PolarX is also planning a 3,000m core program to test porphyry targets at Zackly SE and nearby Mars, which has produced similar strong magnetic and surface geochemical anomalism over a large area (at least 1,400m-by-800m). The goal there is also pretty simple: Make a world-class copper-gold porphyry discovery.
"By the time we dill these targets we will have combined the magnetic and IP data in our 3D models and refined our drilling targets, so we have high expectations from these two programs," Tabeart says.
"We will be targeting 3-5 holes into each prospect to give us the best chance of making such a discovery.
"These holes will be planned to ensure that we can answer as many questions as possible regarding the magnetic and IP anomalism in the context of our geological models for porphyry style mineralisation."
An image in a slide (below) in Tabeart's latest investor presentation showing the virgin, mountainous terrain at Zackly, with Mars further out to the west, highlights the vast scale of PolarX's search, and opportunity. The altered red rocks at surface at Mars are somewhat appropriate.
Tabeart says the image does drive home the challenges of working in a remote and elevated location in central Alaska. But also the promise.
"Mars does require helicopter support for drilling, but it's a reasonably accessible area with great geology, geochemistry and geophysical anomalies that have never been drilled," he says.
"And compared with places like Grasberg in Irian Jaya or the many porphyry deposits in the high Andes of Chile and Peru, the terrain is actually pretty straightforward.
"This serves to highlight different perceptions between, for example, Australians used to working and exploring flat deserts to Canadians and Americans who are very comfortable in the mountains of the Pacific Rim."
Meanwhile, back on the ground at Zackly, the high receptivity of near-surface magnetite skarn that has yielded strong, consistent gold and copper grades - and now even better grades to the east - to the hi-res aeromag surveys PolarX has been doing, is also further emphasising the potential scale of a future resource and mine.
"We've been very impressed with the quality of the new magnetic data," Tabeart says.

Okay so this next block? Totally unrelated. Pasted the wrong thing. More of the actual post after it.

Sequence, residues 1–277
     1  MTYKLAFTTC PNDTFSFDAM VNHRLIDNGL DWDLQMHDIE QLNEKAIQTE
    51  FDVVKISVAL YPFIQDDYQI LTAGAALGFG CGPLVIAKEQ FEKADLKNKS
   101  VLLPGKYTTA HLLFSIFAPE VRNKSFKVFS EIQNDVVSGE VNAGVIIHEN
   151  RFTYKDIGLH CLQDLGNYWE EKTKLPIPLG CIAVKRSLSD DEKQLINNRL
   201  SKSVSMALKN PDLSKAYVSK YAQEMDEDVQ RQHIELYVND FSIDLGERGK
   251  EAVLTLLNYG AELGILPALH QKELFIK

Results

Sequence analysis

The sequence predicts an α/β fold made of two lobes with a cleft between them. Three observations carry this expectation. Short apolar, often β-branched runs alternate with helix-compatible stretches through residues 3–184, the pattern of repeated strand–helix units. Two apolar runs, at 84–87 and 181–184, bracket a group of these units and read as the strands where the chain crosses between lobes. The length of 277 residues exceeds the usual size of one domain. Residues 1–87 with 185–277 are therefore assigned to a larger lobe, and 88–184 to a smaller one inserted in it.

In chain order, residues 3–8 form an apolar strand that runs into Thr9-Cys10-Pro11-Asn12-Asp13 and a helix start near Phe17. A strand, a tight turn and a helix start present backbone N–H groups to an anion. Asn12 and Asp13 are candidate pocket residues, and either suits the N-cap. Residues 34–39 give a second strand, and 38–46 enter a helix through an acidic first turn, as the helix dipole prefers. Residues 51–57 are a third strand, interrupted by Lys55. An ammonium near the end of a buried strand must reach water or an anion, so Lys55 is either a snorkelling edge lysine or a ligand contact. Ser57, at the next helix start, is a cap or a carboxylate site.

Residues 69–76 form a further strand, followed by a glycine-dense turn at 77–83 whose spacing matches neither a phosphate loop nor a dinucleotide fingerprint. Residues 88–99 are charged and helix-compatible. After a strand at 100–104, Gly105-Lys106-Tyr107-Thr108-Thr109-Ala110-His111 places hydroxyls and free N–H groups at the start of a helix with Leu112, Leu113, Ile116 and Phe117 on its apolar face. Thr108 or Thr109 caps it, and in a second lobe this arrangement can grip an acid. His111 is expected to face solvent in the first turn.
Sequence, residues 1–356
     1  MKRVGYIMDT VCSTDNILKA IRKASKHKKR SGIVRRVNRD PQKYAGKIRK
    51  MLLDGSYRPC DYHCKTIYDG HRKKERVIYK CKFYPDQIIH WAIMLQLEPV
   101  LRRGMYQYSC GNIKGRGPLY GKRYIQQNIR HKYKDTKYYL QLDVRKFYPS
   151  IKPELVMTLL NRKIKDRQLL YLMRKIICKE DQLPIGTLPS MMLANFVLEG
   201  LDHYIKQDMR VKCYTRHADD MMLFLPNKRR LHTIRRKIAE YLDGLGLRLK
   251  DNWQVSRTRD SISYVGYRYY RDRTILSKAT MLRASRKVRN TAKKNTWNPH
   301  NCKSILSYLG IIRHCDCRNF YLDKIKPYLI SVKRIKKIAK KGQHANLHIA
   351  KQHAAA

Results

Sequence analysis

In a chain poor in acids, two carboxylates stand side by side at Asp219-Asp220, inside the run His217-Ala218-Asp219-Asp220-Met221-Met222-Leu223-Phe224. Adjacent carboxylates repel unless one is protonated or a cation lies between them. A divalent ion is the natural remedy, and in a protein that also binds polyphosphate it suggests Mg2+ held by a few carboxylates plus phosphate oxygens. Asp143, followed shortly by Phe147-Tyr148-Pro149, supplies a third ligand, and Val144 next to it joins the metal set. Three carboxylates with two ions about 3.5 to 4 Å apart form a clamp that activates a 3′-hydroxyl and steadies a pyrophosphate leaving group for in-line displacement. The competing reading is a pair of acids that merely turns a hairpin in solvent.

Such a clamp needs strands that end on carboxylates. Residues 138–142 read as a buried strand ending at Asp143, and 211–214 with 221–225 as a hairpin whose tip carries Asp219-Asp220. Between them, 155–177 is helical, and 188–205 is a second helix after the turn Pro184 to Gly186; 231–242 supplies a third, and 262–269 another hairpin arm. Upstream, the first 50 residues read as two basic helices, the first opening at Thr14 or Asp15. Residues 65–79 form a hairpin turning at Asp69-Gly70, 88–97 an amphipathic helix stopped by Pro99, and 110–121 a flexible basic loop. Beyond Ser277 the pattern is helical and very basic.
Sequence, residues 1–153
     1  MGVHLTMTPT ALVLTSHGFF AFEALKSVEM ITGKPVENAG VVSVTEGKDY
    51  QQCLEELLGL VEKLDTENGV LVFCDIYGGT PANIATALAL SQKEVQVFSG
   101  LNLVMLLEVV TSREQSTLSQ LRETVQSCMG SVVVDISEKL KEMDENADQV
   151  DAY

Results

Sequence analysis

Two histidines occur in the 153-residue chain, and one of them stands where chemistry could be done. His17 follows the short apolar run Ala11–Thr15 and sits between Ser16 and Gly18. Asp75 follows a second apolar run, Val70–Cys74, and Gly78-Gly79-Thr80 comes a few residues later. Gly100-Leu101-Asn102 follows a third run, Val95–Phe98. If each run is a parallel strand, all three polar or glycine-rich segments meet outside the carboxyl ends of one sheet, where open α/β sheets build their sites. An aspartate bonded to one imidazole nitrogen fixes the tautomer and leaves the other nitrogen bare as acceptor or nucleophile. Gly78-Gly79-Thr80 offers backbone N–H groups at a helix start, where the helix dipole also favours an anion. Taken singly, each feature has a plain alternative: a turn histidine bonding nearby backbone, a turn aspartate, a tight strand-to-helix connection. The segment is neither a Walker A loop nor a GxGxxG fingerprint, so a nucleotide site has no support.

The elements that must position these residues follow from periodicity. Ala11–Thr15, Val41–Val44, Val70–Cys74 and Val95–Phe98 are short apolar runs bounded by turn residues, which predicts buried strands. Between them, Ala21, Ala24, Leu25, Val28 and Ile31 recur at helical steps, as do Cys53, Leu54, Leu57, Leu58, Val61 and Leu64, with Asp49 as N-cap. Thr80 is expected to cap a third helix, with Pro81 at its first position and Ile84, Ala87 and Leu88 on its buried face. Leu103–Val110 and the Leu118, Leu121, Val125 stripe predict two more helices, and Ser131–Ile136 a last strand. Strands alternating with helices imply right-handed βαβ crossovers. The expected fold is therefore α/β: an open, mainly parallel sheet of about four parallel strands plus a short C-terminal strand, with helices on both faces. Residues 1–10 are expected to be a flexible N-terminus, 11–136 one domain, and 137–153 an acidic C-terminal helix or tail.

"It shows the folding of the Zackly skarns in the eastern area which elegantly explains why we are seeing this much thicker sub-horizontal mineralisation in that location.
"It's also directly imaged the very high-grade magnetite rich portions of the skarn, and shown where this trends, providing further drill targets for evaluation later this year and giving us a high level of confidence that we can significantly upgrade the resource with further drilling.
"We've also noted a number of intense magnetic anomalies that look very similar to this known high-grade mineralisation where there has been no previous drilling, so there is plenty of potential to discover new mineralised horizons in the Zackly area."
The multiplying near-surface development options and deeper resource potential indicated by 2018 drilling results and aeromagnetics at Alaska Range has also, not surprisingly, sparked increasing interest from cashed up international miners on the lookout for quality copper-gold assets.
Tabeart says the level of "unsolicited interest" from big mining companies has surged.
"So far we've provided access to our data to six companies under confidentiality agreements," he says.
"Most of them are interested in the porphyry potential at Mars and Zackly SE; enough to warrant visits to Alaska in the case of three companies to date.
"We prefer not to execute a project level joint venture at this early stage, but have discussed parent level equity investments and technical collaborations with these parties."
The discussions are understood to be ongoing and might produce some news in the near future.